Abundant Optimism

Helping people regain and keep an optimistic outlook in challenging circumstances and improve their creativity, mind, and skills.

Streamlining

by Tamara Martfeld

With lay offs and other reductions in staff many of us are being asked to take on additional duties when our co-workers leave. Streamlining, one way to meet the challenge, is easy. I am not an "efficiency expert" and have cut at least 20 hours from every desk I have ever had. I turned one full-time position into a part-time position and cut 130 hours per month off a previous desk. The method used is simple:

1. Identify the individual tasks at your desk. As you do each task, break it down into small steps.

2. Ask "Why?". Why is each step of the task done? Why is the task itself being done? Ask your supervisor. Any good supervisor will be happy to answer the question as it provides better understanding of the job and its customers. Look in any related manuals to find your answer. Donít forget to check the laws or government regulations if any relate to your desk Ė sometimes something is being done because an outside entity requires it to be done. Talk to the people who had your job before you and those who have been around for a long time. Even if a person never worked your desk, they may remember the history behind any changes made in the past.

3. Upon answering "Why?", question the validity of the answer. An answer of "because it has always been done" is not valid and suggests that elimination is possible. A government code or regulation is a valid answer, but ask yourself if it makes sense. If it doesn't, discuss with your management about the possibilities of contacting your government representative and asking for a change. If you do take the step of contacting your government representative be prepared to support your position. There are many laws and regulations on the books which were needed when they were enacted but which make no sense now. Anything can be changed. Eliminate all tasks or steps not affecting the final product.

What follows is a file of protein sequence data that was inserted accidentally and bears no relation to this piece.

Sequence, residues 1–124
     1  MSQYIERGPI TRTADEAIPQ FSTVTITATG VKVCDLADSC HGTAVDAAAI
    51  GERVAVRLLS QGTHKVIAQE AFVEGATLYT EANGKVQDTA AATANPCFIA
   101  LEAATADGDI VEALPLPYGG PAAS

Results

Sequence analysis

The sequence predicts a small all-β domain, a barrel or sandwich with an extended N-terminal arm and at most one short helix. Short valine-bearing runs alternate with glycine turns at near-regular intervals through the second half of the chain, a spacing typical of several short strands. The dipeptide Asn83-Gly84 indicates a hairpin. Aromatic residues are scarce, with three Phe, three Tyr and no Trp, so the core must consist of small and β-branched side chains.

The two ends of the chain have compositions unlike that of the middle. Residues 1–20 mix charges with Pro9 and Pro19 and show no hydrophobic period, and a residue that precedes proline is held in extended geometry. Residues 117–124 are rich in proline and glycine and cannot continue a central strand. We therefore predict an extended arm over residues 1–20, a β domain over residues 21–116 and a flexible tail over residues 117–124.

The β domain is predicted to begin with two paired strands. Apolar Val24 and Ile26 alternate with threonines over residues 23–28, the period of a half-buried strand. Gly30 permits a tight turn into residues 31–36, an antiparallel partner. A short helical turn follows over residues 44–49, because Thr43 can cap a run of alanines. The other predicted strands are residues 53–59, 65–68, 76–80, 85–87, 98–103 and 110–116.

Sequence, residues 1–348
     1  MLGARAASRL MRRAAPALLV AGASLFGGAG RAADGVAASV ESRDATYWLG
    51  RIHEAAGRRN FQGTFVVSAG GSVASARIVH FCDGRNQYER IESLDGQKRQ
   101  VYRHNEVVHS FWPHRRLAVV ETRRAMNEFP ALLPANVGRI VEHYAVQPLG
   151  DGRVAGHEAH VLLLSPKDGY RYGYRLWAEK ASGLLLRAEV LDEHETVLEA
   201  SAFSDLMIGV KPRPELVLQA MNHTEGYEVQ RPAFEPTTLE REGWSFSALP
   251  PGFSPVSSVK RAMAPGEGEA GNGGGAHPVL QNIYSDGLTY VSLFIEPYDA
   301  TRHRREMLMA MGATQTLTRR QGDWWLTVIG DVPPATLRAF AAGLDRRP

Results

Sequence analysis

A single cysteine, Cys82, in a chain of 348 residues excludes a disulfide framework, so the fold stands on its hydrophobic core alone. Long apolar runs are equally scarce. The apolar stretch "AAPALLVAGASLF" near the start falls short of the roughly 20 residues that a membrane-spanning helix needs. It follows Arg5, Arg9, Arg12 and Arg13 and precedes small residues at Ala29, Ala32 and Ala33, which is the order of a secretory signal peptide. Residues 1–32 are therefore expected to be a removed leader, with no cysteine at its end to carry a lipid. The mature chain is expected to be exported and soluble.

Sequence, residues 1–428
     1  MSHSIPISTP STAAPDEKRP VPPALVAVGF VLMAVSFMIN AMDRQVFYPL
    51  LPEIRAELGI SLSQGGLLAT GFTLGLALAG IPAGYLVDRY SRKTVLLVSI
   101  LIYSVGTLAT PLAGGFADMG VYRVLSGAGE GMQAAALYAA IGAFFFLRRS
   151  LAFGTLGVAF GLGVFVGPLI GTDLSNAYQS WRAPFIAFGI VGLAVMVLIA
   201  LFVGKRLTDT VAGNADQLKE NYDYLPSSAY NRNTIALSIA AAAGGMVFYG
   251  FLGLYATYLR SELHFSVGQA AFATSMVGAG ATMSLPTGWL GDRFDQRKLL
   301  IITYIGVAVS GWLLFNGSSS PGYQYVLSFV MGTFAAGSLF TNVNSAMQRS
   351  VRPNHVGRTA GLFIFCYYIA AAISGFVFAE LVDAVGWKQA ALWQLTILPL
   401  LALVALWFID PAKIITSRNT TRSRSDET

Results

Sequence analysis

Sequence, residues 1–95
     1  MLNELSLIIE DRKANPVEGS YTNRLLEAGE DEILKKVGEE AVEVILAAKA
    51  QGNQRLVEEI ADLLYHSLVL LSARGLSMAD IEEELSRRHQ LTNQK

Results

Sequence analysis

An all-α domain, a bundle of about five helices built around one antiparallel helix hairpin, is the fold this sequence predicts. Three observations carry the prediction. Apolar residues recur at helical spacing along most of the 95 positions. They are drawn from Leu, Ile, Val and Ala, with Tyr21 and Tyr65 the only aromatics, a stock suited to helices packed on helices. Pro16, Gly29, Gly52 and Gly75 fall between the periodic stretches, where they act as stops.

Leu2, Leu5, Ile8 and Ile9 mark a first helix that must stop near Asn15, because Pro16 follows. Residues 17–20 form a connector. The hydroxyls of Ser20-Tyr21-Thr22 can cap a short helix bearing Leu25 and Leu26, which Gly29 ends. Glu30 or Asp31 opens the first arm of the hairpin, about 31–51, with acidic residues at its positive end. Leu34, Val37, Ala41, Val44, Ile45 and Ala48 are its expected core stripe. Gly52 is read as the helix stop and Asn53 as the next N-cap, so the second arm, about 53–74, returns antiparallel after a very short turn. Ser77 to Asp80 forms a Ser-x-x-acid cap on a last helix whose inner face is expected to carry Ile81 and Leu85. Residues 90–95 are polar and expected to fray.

4. Determine whether there is any duplicated or unnecessary work. Annually ask the recipients of anything distributed whether they still need it. If you are doing a task more than once, try to cut out the extras. The most common duplication I have found is the keying of the same information twice. Be creative. One task at my desk involved keying the same information and manipulations of this information on several spreadsheets. I designed an Excel spreadsheet using formulas to copy and manipulate the data. I now key everything once and do the job in 2 hours instead of 2 days. With another task I was keying the same data as someone else. I now obtain their computer files and copy the information to my spreadsheet which also reduces keying errors.

5. There is usually more than one way to do any given activity -- find the alternate methods. Ask your customers for ideas, especially the internal customers. Many of the tasks in my field of work started before technology was available. Simply automating your task may save hours of time.

6. Make the changes. Some changes are in your authority to make, others require supervisory approval. In any case, keep your supervisor informed. If the change doesn't work, try something else. Experiment until you find the best method. Even a small change can make a big difference. Don't be discouraged by ideas that don't work -- Edison is reported to have found 1,000 ways not to invent the light bulb, and he is a recognized genius.

7. Determine the savings. Does the task take less time? Is accuracy improved? I find that improving a procedure usually does both.

Once you have succeeded in streamlining a task make a record of it for yourself in your success book (record of all your successes). Document what you have done to use for employee reviews or interviews. Saving money while providing excellent service is a goal of many businesses and most will be happy to hire someone with success in this function.